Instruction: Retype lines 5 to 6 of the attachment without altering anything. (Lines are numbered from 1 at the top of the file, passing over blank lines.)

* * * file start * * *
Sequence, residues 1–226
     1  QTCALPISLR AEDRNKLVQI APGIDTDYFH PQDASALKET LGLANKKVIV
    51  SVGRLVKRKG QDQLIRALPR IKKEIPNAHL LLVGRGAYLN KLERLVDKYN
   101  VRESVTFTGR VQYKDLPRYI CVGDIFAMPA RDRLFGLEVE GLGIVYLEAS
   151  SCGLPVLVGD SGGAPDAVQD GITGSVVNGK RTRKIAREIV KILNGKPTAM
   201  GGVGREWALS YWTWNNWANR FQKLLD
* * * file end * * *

   151  SCGLPVLVGD SGGAPDAVQD GITGSVVNGK RTRKIAREIV KILNGKPTAM
   201  GGVGREWALS YWTWNNWANR FQKLLD